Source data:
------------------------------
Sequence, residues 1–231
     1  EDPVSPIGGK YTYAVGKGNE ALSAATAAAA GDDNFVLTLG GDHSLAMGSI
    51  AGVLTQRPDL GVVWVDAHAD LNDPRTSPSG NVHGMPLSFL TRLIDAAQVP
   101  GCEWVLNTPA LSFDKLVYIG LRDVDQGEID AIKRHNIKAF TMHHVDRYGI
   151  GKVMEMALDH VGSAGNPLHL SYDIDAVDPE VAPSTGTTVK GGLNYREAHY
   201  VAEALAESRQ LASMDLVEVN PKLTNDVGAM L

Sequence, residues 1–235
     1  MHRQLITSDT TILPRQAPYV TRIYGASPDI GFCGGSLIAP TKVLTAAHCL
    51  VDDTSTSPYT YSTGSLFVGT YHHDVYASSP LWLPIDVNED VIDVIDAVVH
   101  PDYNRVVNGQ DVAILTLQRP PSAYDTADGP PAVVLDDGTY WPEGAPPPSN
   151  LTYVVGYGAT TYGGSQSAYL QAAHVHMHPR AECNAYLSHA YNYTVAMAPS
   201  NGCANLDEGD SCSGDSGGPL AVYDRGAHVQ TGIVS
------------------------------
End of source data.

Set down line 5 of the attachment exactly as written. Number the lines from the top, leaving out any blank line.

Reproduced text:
   151  GKVMEMALDH VGSAGNPLHL SYDIDAVDPE VAPSTGTTVK GGLNYREAHY